Is it too late for an Acting Career?

by Guest9304  |  earlier

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I am a 25 year old female who lives in Chicago, IL. I do not have any acting experience except for pure natural talent! I know I have what it takes to be GREAT! Is it too late to peruse my dreams? And if not, do I need to start with a degree in acting? And if so, how long realistically does it take to make it. I know the odds are against me, but if by a small inkling of a chance that they are not, is it years before you could be discovered?

Thank you so much for your time!

Sincerely grateful,

Jaiden Rose

 Tags: acting, career, late



  1. John

    Hi Jaiden

    I just answered your other questions and some of those answers apply here. Read that answer first - it will cover some of these questions. Really, it is not too late too late for you to start.

    But talent alone is not enough. Acting is an art and a craft and, as in any career, you need training to learn the skills and techniques you will need to do the job.

    You do not necessarily need a degree in acting, although a university theatre training program is, in my opinion, certainly the best place to get your training. But there are other acting schools that give classes, as well as community college programs that can give you some basic skills. Some places are full time programs (such as universities) others do give individual classes that may be easier to fit into the schedule of a busy wife and mother. A university program is 4 years for a BA in theatre arts. If you want to pursue it further then another 2-3 years for an MFA in acting, music, directing, whatever focus you want. Individual classes can be spread over a number of years while you are also auditioning and getting some experience. It is up to you.

    As for making it \"Big\"... Forget it!!!! If you are going into acting to make it Big, for glamour and excitement, for fame and fortune, you are going to be tremendously disappointed. Look at the statistics in my last answer. Less than 98% of all professional actors even make a living as an actor alone, much less \"make it big.\" Of that 2% only the tiniest percentage of them actually become those \"stars\" that you think of as \"making it big.\" That is not a realistic goal. For over 99% of all actors, it's simply not going to happen.

    The only reason to go into acting as a career is that you have a passion to act, that you can not imagine a life without acting in it. You need to accept that, while it is *possible* that you *might* make it big, the goal is to act, not to be famous. If you need to act, and if you have talent and are willing to work at your skills and your career, then you will be able to act. No one, I do not care who they are, can tell you that you will make it big. And almost no one is \"discovered\" any more than a successful businessman is \"discovered\" when he finally begins to do well. They work for years, building their skills, their knowledge, their experience and their contacts until they begin to be recognized for their talent and their work. It only seems to us, the public, that they are \"discovered\" because that is when we begin to see them more prominently, and since we never saw their years of work in study and in small theatres and films, they seem to \"suddenly\" become a \"star.\" Ask them, they'll laugh at the word and tell you of all the work that went into being \"discovered.\" For the tiniest few who are actually \"discovered\" without previous exposure, it is a fluke and has nothing to do with their talent, training or work. It has to do with luck and being in the right place at the right time. And there is absolutely no way to predict that.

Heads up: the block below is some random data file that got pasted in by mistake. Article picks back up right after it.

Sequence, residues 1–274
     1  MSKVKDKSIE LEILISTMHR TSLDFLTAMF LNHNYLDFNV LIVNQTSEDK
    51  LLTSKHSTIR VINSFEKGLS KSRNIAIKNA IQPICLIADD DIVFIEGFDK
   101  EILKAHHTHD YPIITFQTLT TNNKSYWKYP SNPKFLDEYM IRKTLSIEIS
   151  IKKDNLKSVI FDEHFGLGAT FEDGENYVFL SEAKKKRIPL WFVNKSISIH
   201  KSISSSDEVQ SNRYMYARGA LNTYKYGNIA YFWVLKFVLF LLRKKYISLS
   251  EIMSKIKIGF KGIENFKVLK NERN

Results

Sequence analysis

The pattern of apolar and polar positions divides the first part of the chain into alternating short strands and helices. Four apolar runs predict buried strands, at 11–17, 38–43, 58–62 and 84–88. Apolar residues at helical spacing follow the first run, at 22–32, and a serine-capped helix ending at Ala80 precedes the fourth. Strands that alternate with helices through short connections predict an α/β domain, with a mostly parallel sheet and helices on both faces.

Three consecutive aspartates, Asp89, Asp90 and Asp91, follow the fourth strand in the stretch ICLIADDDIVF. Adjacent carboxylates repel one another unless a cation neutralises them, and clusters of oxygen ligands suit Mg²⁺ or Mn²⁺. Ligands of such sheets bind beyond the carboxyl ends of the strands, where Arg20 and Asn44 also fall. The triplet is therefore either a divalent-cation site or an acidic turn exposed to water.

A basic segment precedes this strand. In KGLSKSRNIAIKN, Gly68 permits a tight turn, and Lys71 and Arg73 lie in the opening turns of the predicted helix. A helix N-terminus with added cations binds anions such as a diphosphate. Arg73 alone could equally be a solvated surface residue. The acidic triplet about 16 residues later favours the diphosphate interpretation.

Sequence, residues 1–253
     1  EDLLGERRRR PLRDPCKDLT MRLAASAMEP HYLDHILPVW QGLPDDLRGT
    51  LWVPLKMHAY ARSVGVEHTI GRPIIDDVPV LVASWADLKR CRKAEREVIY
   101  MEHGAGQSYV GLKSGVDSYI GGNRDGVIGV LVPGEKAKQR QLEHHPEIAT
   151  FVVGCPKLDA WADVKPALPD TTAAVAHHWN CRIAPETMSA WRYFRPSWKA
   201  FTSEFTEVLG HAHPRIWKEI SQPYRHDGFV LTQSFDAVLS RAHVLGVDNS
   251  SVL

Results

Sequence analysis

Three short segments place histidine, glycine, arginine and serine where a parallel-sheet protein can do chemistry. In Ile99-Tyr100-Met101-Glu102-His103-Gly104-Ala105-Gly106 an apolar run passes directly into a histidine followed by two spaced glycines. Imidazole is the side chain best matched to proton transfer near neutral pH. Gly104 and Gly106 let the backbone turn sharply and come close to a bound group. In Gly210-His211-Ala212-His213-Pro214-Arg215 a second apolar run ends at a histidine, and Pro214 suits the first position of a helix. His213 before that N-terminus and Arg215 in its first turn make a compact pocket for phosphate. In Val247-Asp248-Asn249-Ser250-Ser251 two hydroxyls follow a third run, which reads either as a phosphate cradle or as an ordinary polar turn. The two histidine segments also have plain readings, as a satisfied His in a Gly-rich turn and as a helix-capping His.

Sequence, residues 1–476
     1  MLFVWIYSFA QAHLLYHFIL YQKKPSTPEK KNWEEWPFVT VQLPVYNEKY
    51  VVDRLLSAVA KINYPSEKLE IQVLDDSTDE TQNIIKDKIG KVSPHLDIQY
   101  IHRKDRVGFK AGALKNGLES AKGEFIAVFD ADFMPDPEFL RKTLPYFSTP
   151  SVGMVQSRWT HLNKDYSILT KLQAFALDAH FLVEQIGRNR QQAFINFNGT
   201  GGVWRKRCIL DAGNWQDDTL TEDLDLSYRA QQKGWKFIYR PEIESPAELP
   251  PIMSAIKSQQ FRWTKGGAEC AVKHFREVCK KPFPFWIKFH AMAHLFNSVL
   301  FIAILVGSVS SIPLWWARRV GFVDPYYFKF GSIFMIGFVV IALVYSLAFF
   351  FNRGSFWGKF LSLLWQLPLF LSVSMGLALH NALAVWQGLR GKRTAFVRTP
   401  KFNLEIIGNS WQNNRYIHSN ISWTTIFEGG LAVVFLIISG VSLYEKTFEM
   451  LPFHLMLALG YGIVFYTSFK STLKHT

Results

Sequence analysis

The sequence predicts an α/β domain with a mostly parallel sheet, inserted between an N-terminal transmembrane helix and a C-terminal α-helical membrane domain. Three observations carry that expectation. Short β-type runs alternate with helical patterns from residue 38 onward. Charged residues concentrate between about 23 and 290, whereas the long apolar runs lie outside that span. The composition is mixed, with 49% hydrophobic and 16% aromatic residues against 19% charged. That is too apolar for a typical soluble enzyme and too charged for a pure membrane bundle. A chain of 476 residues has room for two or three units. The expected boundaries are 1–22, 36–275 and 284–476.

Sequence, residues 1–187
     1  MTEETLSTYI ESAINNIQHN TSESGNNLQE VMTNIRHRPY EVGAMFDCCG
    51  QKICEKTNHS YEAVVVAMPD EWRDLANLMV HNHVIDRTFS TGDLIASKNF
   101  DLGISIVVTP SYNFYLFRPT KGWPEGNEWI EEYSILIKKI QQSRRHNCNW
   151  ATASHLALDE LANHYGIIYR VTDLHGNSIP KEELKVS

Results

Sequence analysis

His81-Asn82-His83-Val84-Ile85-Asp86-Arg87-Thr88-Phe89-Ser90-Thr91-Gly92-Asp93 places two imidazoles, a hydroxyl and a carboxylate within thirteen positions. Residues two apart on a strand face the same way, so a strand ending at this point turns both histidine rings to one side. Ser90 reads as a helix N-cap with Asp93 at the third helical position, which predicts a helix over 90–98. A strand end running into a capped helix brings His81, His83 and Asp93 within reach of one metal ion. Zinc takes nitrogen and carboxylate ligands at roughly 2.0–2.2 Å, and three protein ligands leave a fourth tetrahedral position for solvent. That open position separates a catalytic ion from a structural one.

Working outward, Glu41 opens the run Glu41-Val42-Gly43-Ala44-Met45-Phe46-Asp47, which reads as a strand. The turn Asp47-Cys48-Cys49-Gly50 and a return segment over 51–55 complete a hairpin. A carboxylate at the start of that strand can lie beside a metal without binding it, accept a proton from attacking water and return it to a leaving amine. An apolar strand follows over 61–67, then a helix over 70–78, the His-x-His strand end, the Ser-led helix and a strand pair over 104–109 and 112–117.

So, how long does it realistically take to make it big? Most of the time, never. Occasionally, very occasionally, years. Once in a blue moon, instantly. There is no way to predict it.

    How long does it realistically take to become a working actor? Even this is impossible to predict. Much depends on how much time and effort you are willing to give to your career. Many people who go to LA or NYC (AFTER they get their BA and, possible, their MFA) give themselves 5 years to build a career before they quit. Some do it and become working actors. Others go home and do something else that will make them happy. Some stay longer and continue pursuing the dream while working a day job because the love acting so much that it does not matter to them whether they are earning a living by it as long as they can act. It's up to you what you want. But there are no guarantees in this business. Even if you are great, your timing might be wrong.

    An acting career needs talent, passion, training, experience, hard work, perseverance, determination, sacrifice, focus, and the willingness to continue in the face of failure, frustration, rejection and disappointment. Becoming a working actor also needs luck, networking and building good contacts.

    It is not easy! But if you want it enough, it can be worth it.

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